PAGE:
I have inherited from my Dad, 14 Corporate Bonds approx. $25,000 each. Maturity dates range from 2006-2015. Interest rates range from 4.85 - 8.125. These bonds are in an inherited IRA from which I must take a minimum required distribution of about $1,000.00 per month. I would very much like to put at least half of these bonds into dividend paying stocks. Should I wait untill the bonds have matured and invest in stock only then or should I sell half of the bonds and invest in the stocks right away. Thanks.
"I have inherited from my Dad, 14 Corporate Bonds approx. $25,000 each. Maturity dates range from 2006-2015. Interest rates range from 4.85 - 8.125." downisland,Bonds don't have interest rates. They have coupon rates. In order to maximise your capital gains opportunities, you need to understand the difference. Charlie
What are these corporates? Issuer, rating, etc.?You can obviously wait for the bonds to mature. If you choose to sell before maturity, bear in mind that you will be getting hit for substantial trading costs, as most brokers see retail investors looking to trade bonds as sheep ready to be sheared.
I don't know the answer to your question, but here's a link to a version of the upcoming FAQ part 1. Terms are about a third of the way down.http://boards.fool.com/Message.asp?mid=23481196So far, I buy my bonds at issue and hold to redemption, so the difference between coupon and interest is moot. Those look like pretty good rates to me, though. What's the quality like? (Moody's or S&P rating?) Can you find better dividend paying stocks?VickifoolP.S. Charlie, if you woke up grumpy, just hit "next" ok?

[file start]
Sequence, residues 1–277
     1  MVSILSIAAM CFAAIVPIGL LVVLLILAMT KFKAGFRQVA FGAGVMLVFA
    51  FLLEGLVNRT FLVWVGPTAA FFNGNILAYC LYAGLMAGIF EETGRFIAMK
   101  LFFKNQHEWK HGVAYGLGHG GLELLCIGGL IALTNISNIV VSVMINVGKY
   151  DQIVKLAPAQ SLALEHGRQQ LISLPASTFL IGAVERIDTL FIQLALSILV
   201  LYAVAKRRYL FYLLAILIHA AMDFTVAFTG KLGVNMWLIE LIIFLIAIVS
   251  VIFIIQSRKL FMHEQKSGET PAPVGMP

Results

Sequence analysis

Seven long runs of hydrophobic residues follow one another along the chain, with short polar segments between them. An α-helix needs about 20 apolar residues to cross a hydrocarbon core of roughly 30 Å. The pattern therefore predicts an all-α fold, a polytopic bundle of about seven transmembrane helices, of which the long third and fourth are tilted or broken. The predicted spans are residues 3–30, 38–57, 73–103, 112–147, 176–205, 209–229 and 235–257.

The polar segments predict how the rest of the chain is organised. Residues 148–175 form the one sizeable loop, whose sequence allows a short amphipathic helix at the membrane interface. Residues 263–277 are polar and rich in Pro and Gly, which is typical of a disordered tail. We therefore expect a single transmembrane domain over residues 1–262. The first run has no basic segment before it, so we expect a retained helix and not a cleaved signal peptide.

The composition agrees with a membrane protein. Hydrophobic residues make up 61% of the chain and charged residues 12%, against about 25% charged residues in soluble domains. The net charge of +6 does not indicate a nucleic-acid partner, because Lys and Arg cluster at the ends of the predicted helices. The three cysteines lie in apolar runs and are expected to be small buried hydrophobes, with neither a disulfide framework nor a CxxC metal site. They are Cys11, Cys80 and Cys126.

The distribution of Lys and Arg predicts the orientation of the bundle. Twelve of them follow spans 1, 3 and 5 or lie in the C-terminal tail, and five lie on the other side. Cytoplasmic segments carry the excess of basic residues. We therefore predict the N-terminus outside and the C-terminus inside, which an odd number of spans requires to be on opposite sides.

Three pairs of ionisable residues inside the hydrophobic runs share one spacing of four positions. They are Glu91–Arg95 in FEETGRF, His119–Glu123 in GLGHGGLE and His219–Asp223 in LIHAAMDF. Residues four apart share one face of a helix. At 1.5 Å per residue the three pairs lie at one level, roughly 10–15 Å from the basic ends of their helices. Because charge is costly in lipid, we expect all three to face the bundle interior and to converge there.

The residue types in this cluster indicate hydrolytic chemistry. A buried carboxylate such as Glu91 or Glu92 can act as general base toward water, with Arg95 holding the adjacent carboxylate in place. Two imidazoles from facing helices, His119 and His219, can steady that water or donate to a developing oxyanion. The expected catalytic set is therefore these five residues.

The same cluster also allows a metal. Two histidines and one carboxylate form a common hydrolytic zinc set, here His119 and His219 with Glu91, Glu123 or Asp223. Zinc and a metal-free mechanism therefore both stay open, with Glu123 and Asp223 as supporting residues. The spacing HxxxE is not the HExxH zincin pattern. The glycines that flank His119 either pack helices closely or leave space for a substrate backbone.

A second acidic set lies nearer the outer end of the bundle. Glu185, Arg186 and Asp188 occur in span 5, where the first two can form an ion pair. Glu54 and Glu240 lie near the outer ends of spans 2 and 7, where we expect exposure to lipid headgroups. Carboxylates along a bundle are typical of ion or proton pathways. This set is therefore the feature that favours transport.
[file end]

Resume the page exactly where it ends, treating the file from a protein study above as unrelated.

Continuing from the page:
Jeez, I kind of feel like an idiot. The bonds are: Appalachian Power, Bear Stearns, Citicorp, Con Ed, Federal Home Loan, GE, Genworth Financial, Household Finance, Kimberly Clark, McDonalds, Merrill Lynch, Morgan Stanley, Proctor and Gamble, and SBC Communications. It is a laddered portfolio of AA rated corporate bonds. It is an IRA account so I don't have to pay any taxes till I take the money out. I do feel like a sheep about to be shorn. Help. My father had this with the Ayco Company a financial management company that was bought by Goldman Sachs recently. So at this point it is a Goldman Sachs inherited IRA account. When I asked the Ayco company today about moving some (half)of this bond money into some dividend paying stocks they told me that they would rather put me into mutual funds then into individual stocks. I don't think I need all these extra layers of management, (Ayco, Goldman Sachs, Acme Mutual fund?) if I'm simply putting cash into mutual funds? So, I started thinking about actually doing this myself through a Fidelity Self Directed IRA account and maybe slowly as the bonds mature, I would buy large cap value stock mutual fund shares or some individual dividend paying stocks. I would have to have a cash account, and make sure that I keep the account in my Dad's name with me as the beneficiary. I must also be sure to take out my minimum required distribution each year. With Fidelity's help, I think I can do this. I gather from the previous comments that I should only buy stock as my bonds mature and not sell the bonds prematurely. I really do appreciate all your comments. And no, I don't know the difference between coupons and interest.